The first interim appraisal report of HS1, the high speed link from London via Kent to the Channel Tunnel has been produced, and it does not make happy reading for supporters of HS2. Whilst HS1 or at least the link to the Channel Tunnel was a genuinely new railway, unlike the routes HS2 seeks to duplicate, it may have been felt it would have proven to have been an economic success. However, the report which the DfT commissioned shows it has not been as yet, and over the 60-year ‘lifetime’ of the project, it doesn’t look like it will either.
The report produced by Atkins, Aecom and Frontier Economics, has concluded that the net present value of the benefits of HS1 is £6.7bn, but the costs are at £12.6bn. This means that the net present value of HS1, calculated over a 60 year period is minus £5.9bn, or when the paltry wider economic benefits are added in, this figures comes up to a loss over 60 years of ‘just’ £4.57bn. At that rate, it would be well into the next century before HS1 breaks even.
Another way of putting it, is HS1 now has a benefit cost ratio pf 0.53, or 0.64 with wider economic benefits. In 2009, the official BCR with WEI was expected to be 1.76, which is worryingly exceptionally similar to the 1.7 phase one of HS2 is currently forecast to get.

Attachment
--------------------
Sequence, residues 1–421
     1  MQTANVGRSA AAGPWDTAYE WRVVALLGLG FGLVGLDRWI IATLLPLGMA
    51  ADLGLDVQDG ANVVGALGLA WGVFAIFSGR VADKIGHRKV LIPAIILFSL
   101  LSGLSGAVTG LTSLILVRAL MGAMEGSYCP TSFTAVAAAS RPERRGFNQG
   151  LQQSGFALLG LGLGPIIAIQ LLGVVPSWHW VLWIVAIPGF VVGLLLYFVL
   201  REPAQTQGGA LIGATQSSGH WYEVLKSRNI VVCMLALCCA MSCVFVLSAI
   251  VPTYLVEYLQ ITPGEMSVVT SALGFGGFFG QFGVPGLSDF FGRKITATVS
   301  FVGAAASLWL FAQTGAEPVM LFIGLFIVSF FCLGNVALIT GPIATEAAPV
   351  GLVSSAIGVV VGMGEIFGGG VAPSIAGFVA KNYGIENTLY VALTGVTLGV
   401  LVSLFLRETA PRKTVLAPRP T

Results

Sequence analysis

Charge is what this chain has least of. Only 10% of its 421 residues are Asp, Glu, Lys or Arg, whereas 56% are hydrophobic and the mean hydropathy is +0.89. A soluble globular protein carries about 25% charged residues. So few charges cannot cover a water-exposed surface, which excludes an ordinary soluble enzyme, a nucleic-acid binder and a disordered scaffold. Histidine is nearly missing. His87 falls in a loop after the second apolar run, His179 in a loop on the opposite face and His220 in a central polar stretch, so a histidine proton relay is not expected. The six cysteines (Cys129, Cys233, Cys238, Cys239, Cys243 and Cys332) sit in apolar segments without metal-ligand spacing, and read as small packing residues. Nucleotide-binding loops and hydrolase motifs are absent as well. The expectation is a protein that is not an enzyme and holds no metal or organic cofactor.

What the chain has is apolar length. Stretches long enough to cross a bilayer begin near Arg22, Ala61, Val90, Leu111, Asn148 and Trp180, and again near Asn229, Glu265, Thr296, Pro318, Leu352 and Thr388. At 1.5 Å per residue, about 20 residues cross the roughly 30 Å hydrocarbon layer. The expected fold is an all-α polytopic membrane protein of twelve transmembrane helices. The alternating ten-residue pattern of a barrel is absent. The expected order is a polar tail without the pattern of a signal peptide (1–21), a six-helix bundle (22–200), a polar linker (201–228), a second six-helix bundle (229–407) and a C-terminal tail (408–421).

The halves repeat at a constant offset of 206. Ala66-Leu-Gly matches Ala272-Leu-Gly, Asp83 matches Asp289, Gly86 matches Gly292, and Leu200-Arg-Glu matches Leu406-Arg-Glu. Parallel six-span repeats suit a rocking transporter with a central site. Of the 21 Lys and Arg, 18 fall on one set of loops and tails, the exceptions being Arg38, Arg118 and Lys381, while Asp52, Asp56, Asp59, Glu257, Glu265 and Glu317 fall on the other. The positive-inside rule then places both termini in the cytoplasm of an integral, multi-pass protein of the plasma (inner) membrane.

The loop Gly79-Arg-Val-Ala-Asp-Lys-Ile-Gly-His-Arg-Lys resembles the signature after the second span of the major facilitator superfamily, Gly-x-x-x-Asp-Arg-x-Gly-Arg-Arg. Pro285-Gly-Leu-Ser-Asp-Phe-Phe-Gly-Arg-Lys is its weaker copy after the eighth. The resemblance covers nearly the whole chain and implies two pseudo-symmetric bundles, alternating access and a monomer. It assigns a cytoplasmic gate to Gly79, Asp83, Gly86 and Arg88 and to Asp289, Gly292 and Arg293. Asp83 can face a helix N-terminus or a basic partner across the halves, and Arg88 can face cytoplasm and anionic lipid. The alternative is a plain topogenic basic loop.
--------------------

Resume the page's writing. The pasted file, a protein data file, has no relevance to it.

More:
The 150-page study said there was “evidence of early stage real estate and regeneration” along the route but insisted that these effects “could not be considered significant to date”. This fits with the fact that the only noticeable effect of HS1 in Ashford has been in increase in property prices as more people move there to commute to London.
It was originally claimed that the HS1 station in Ebbsfleet would promote economic growth and bring jobs to the area, but this has completely failed to happen. Last year, the Government waved the white flag and announced plans for a 16,000 home ‘garden city’ to be built to serve as a dormitory town for commuters to London, as the only way to get anything back from the project. This should serve as a warning to cities on the proposed HS2 line who have been promised economic benefits, just like Ebbsfleet was.
This official report follows on from highly critical reports on HS1 from both the National Audit Office and Public Accounts Committee, when both bodies said the lessons from HS1 have not been learned by those pursuing the HS2 project.